Multiple Mail Maladies, Vulnerabilities in STARTTLS and Exchange
40 Vulnerabilities Discovered in Various STARTTLS Implementations
The first electronic mail, later dubbed email, was sent to users of MIT’s Compatible Time-Sharing System in 1965. Standardized protocols for delivery of email came later, with Simple Mail Transfer Protocol (SMTP) defined in RFC 772 in September 1980 as the primary means to transfer email between mail servers. The Post Office Protocol (POP) came next with the current version, POP3, originally defined in RFC 1081 in November of 1988 and then extended in RFC 1939 in May of 1996. Then came the Internet Message Access Protocol (IMAP) with the latest version (v4) defined by RFC 3501 in March 2003. While SMTP handles the transfer of email between mail servers, POP3 and IMAP are protocols that define how a user can access the mail in their mailbox.
Email and the protocols that define how we send and receive email have been around for a long time. Like most technology that has been around for a long time, security was an afterthought added after the technology was widely used. In the case of SMTP, POP3, and IMAPv4, all of these protocols by default do not use any encryption so any traffic transmitted with these protocols can be observed by anyone watching your traffic. Which means without extra steps, anyone watching you download your email to your mail client can read your email.
All modern mail clients and servers now have extra steps that have been added on to these protocols to allow for encrypted communication. In the case of SMTP, POP3, and IMAPv4 those extra steps come from something known as Opportunistic TLS, or STARTTLS. STARTTLS is an extension to these protocols RFC 2595 and RFC3207 that allows the client and server to encapsulate encrypted TLS traffic inside the normally clear text protocols.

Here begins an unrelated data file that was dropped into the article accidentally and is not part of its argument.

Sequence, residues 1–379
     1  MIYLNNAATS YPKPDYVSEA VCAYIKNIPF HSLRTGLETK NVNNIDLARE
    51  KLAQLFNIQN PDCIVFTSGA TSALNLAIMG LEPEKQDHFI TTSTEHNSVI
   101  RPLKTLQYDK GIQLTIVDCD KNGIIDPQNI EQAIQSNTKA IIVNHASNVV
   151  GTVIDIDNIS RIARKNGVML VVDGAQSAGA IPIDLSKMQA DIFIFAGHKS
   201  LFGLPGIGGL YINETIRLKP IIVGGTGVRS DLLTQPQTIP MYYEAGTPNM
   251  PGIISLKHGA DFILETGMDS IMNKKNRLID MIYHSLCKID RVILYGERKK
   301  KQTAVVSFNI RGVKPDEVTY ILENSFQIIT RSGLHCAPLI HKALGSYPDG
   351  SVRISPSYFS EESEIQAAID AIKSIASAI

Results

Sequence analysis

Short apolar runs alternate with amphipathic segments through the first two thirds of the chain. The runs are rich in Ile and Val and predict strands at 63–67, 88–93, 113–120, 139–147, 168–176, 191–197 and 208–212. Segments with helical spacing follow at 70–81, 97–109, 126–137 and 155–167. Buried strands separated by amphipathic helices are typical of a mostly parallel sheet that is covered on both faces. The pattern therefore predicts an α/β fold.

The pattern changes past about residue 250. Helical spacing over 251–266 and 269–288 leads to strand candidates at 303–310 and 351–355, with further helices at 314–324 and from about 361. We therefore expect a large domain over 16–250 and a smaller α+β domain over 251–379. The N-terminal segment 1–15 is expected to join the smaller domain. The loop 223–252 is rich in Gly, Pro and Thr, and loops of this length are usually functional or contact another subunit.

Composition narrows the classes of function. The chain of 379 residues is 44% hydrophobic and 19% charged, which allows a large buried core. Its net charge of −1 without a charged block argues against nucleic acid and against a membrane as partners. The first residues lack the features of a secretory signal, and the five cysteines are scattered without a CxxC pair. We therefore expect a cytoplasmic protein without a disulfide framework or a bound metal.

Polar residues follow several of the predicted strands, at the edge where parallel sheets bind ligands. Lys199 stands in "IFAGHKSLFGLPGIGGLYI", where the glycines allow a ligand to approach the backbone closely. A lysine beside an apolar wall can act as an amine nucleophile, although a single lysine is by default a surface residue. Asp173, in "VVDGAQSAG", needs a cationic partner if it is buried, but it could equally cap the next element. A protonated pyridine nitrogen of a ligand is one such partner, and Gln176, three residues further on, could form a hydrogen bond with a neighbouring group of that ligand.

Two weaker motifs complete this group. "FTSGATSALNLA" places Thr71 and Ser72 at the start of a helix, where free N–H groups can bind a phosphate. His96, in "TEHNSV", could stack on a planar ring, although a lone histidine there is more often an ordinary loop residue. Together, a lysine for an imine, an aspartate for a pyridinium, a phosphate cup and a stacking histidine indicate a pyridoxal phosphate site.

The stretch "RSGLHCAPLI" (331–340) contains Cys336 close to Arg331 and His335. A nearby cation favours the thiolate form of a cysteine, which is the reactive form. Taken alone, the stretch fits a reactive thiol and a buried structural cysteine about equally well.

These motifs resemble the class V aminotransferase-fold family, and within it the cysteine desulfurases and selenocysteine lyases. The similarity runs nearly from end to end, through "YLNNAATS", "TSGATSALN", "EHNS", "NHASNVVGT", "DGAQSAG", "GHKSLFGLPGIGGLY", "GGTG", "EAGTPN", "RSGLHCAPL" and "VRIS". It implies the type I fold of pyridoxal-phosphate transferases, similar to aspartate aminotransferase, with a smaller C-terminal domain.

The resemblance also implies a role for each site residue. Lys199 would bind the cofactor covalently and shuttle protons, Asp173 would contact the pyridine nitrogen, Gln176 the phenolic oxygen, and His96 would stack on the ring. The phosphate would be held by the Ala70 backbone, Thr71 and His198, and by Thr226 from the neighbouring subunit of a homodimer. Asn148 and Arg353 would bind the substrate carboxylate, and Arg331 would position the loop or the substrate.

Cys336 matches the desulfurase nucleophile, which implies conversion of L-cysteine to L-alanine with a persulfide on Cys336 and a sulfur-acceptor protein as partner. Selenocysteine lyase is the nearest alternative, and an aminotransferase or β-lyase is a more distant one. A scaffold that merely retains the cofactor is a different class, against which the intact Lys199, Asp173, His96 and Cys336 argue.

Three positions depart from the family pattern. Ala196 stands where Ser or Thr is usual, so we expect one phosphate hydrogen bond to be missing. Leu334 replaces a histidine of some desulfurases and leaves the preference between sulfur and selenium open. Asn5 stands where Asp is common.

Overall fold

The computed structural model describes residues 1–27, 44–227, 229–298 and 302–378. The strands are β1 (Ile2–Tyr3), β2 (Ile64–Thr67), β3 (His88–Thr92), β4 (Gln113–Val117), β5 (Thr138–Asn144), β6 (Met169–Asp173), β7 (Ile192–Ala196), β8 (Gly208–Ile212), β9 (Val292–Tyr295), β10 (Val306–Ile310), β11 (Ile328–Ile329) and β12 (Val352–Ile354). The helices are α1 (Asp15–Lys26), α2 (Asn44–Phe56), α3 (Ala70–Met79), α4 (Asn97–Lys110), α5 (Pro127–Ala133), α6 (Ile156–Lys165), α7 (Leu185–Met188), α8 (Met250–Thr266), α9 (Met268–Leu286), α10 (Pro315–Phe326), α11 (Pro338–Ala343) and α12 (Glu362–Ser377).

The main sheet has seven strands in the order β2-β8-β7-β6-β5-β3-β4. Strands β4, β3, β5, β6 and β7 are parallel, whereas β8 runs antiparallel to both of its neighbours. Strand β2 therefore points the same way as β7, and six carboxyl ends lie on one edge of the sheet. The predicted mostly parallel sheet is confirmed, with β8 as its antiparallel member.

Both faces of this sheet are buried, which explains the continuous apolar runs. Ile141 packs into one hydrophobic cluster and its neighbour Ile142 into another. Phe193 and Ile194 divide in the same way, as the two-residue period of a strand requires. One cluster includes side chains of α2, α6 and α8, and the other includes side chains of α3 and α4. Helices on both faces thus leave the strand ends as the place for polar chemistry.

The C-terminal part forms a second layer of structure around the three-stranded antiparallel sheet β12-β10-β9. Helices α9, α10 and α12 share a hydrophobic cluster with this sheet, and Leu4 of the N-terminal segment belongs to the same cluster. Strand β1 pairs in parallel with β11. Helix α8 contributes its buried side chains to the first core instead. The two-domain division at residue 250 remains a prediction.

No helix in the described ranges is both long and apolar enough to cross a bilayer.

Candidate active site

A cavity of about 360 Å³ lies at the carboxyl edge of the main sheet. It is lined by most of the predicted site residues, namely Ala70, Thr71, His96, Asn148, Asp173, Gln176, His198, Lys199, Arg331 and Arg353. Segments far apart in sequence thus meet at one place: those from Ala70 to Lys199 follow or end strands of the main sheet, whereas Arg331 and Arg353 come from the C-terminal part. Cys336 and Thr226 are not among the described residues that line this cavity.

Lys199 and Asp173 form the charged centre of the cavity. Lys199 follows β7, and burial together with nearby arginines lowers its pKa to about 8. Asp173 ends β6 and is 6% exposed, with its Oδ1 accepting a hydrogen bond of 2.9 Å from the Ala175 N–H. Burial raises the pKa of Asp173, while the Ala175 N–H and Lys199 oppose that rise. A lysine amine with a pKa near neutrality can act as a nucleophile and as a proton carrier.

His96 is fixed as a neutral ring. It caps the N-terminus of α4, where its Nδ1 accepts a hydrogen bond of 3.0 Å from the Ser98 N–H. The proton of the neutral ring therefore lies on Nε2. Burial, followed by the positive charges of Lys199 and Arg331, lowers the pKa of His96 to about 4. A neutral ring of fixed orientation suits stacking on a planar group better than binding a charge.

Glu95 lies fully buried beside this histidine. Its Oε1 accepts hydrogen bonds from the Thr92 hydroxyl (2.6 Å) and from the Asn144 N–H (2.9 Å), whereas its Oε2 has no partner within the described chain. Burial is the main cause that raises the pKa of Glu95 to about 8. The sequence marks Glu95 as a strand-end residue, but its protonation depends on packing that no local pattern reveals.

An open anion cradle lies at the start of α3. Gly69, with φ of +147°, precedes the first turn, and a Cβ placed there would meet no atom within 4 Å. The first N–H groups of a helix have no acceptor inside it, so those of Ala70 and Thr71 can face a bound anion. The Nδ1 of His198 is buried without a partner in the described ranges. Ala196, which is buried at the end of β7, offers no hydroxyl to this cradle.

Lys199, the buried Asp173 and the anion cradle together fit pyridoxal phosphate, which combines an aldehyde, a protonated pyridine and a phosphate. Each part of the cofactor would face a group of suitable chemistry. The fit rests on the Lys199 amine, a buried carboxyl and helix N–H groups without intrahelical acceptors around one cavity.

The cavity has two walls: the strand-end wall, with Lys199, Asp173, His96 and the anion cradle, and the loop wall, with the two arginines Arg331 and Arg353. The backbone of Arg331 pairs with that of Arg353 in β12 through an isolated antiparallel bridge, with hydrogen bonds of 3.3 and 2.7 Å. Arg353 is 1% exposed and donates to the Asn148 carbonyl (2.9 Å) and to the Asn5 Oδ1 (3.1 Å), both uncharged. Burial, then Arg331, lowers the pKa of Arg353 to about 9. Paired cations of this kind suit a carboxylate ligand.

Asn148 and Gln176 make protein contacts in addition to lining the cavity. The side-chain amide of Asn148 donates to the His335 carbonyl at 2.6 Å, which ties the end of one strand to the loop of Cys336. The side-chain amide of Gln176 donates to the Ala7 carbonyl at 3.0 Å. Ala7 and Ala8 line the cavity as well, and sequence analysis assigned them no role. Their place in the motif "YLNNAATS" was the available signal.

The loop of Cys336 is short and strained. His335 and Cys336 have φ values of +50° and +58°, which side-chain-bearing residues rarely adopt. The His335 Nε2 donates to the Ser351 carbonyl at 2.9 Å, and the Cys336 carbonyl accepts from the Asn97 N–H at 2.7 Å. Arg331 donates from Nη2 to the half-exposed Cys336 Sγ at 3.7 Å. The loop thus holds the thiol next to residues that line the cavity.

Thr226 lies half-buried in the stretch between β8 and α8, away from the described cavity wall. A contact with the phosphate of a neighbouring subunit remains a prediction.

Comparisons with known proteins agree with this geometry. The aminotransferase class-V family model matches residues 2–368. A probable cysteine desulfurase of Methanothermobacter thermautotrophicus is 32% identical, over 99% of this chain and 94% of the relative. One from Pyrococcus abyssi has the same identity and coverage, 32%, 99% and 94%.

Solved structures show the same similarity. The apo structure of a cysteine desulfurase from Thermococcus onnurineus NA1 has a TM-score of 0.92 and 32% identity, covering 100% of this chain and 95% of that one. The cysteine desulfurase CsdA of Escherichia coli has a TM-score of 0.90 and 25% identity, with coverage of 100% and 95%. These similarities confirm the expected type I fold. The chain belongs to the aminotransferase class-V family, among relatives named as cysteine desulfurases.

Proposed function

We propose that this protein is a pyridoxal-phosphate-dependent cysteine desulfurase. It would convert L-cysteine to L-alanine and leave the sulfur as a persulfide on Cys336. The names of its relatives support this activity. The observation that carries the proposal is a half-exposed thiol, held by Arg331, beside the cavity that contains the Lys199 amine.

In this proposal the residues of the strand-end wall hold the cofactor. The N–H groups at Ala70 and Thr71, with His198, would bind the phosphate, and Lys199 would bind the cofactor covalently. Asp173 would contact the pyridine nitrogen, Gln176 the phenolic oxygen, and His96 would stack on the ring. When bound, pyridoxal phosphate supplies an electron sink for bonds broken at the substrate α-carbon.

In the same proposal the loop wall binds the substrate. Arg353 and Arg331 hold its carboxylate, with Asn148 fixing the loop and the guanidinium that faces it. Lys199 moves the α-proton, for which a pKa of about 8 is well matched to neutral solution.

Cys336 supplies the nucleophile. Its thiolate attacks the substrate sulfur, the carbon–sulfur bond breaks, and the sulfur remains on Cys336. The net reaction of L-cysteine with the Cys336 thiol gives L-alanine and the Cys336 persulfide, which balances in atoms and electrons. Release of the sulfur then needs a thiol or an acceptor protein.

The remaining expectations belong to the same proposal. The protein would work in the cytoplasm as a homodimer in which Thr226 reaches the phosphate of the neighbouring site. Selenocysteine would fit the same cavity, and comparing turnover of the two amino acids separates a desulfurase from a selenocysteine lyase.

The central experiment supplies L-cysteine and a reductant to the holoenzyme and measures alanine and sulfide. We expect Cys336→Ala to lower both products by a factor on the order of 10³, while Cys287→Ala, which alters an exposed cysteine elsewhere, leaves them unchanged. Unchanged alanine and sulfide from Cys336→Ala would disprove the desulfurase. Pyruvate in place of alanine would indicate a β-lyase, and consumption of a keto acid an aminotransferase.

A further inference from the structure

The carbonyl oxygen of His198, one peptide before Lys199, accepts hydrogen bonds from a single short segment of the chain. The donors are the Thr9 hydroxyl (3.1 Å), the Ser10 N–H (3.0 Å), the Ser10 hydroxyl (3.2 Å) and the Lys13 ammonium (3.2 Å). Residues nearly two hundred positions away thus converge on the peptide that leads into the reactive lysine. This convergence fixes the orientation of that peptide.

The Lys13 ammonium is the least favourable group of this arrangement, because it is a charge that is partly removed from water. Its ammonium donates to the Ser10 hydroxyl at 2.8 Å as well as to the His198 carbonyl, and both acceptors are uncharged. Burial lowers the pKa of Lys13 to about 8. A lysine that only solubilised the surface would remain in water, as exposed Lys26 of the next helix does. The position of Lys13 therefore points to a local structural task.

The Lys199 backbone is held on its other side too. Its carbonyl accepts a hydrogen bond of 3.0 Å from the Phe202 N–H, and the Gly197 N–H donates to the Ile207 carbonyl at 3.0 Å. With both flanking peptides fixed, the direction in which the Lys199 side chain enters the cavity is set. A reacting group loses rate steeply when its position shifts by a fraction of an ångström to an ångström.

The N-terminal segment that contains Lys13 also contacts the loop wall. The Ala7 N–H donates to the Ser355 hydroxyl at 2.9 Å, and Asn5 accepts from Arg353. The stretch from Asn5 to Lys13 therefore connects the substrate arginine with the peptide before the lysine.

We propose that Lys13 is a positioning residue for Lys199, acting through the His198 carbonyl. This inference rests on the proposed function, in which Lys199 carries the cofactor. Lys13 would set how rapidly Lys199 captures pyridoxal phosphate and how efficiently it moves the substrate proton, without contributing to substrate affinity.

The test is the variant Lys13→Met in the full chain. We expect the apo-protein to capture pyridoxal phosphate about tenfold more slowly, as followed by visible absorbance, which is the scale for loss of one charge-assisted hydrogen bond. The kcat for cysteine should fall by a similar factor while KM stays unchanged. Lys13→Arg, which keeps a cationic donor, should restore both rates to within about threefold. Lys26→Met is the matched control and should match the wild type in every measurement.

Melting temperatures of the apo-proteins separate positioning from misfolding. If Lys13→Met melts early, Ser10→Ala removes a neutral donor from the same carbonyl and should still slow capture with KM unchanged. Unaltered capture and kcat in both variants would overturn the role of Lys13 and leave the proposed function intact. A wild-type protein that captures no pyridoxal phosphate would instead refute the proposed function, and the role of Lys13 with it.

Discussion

This past week some researchers published recent findings that document 40 vulnerabilities in various STARTTLS implementations. The full list of vulnerabilities is available at https://nostarttls.secvuln.info and includes common mail clients such as Outlook for Android, Thunderbird, and more as well as vulnerabilities in mail servers such as Courier and Dovecot as well as some services such as Yahoo and Gmail. They do not list any vulnerabilities for Microsoft 365, Exchange, or the desktop Outlook client. This does not represent an overall vulnerability in the STARTTLS protocol extensions but vulnerabilities in specific implementations of STARTTLS in various servers and clients.
It’s also worth noting that STARTTLS is not your only option for adding encryption to your email traffic. Most modern email clients support implicit TLS communication as opposed to STARTTLS which begins with a normal unencrypted connection and then issues the STARTTLS command to upgrade the connection to then being using TLS or SSL. The vulnerabilities listed specifically deal with that upgrade and how it’s implemented.
We recommend you review the list at https://nostarttls.secvuln.info to see if any of the products you use are listed. Some of the issues described have been fixed and some have not. We strongly urge you to review the list and apply patches where necessary and where a patch isn’t available reconfigure your clients and servers to use implicit TLS rather than STARTTLS.